Indicators in the UN Statistical Commission’s preliminary list for target 2.2 for nutrition do not reference lactating mothers and two indicators on target 2.4 address climate change mitigation but omit adaptation, resilience, and the vital topic of soil quality referenced in the target. Improving these indicators to more holistically measure progress will not only uphold the targets and their goals, but also offer a significant avenue of opportunity for partnerships between actors focused on value-add for nutrition and WASH.

Expounding on gaps in the current draft of the SDG indicator framework, Dr. Andrew Trevett, UNICEF’s Senior Adviser for WASH, stated that a crucial and clearer global indicator for water security – as it affects food production and the linkage to time poverty – is missing. Improved water supplies and access yields increased productivity of small farmers and opportunity for economic empowerment of women [in rural areas.] Current WASH priorities in the SDGs include elimination of open defecation, universal access to basic water and sanitation, raising service levels to deliver safely managed water and sanitation services and progressive elimination of inequalities. WASH access – as it reduces exposure to fecal pollution – is critical for improved nutrition outcomes, especially stunting in children and pregnant women’s retention of nutrients.

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These points brought the discussion full-circle to the driving topic of this event: nutrition. Hien Tran of Global Policy and Advocacy at the Bill and Melinda Gates Foundation returned after speaking on the previous event’s panel about specific nutrition indicators that can be broadly and feasibly applied across sectors at both the global and national levels.

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On this panel, Hien focused on the conceptual approaches to selecting the best indicators for the Post 2015 framework, noting that they must be sensitive to differing national capacities: “We can see how the integration of these sectors paves the way for partnership opportunities, thus improving [our] shared capacity to strengthen the implementation of the Post-2015 Agenda.” Looking at nutrition in its simplest form – with respect to agriculture – Hien highlighted a “feedback loop,” wherein nutrition-sensitive agriculture can provide an accessible supply of diverse, nutritious foods, and improved nutrition leads to better health which can help improve productivity on the farm. The glue in this “feedback loop” is the inclusion of WASH, reinforcing Dr. Trevett’s point that without safe water and adequate sanitation, any possible gain in improved nutrition will be undermined by water-borne diseases and unclean conditions.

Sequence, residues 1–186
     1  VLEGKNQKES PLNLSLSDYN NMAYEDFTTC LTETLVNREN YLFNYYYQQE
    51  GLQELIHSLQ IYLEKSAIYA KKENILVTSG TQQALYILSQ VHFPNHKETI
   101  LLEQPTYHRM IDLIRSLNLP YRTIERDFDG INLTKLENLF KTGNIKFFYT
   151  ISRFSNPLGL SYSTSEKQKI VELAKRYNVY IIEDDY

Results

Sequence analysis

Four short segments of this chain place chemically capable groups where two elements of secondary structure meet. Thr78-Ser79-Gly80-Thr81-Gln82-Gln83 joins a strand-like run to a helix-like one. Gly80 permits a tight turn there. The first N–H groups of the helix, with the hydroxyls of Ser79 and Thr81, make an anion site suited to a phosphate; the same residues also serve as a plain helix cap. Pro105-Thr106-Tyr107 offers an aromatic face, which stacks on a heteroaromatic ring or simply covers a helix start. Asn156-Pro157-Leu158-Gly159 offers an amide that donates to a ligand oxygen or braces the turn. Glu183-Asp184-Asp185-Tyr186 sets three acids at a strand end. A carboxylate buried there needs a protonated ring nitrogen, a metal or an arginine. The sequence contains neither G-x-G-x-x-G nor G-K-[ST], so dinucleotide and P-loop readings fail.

So, what implications do the inherent linkages between WASH, nutrition and agriculture have in determining [the best] indicators for the post-2015 framework? Hien noted that considering policy implications across sectors is particularly important because it has been emphasized that developing indicators is a technical process, and rightfully so. However, the technical process must be informed by a very strong, complete, and nuanced understanding of linkages and policy implications across sectors.” The baseline criteria for indicators is that they be methodologically sound, outcome-focused and allow for global comparisons. But, the value of an indicator is not only in its effectiveness in measuring progress for a particular target, but also how policy implications from the interventions underlying a particular indicator apply to progress toward other targets.